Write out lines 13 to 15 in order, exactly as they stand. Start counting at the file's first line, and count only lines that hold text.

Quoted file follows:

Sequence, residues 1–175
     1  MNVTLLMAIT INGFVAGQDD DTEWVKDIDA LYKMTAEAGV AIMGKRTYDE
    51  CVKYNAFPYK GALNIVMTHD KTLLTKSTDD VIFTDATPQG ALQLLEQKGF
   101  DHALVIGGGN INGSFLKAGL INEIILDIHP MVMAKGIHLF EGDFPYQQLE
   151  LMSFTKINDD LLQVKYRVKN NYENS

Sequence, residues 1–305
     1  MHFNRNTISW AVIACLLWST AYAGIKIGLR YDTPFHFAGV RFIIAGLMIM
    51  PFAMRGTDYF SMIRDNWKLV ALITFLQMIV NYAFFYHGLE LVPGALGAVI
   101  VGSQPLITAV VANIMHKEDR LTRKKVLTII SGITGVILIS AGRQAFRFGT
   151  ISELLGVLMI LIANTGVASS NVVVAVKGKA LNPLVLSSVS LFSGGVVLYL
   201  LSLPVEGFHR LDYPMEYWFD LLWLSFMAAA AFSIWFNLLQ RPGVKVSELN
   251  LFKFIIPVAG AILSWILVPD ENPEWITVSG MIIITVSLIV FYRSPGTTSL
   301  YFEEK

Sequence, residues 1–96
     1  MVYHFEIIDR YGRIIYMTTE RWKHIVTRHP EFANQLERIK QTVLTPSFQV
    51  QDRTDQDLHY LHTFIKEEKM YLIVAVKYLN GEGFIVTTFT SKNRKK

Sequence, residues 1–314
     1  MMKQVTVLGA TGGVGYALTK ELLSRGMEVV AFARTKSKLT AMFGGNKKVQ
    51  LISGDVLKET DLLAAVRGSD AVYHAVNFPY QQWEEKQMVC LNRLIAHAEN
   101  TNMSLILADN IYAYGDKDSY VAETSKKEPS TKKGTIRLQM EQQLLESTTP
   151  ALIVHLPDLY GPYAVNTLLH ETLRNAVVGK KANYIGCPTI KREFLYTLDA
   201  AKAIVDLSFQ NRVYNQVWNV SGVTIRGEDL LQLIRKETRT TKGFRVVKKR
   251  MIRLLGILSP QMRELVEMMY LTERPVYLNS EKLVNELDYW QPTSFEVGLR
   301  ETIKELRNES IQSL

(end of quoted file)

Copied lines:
   301  YFEEK

Sequence, residues 1–96
     1  MVYHFEIIDR YGRIIYMTTE RWKHIVTRHP EFANQLERIK QTVLTPSFQV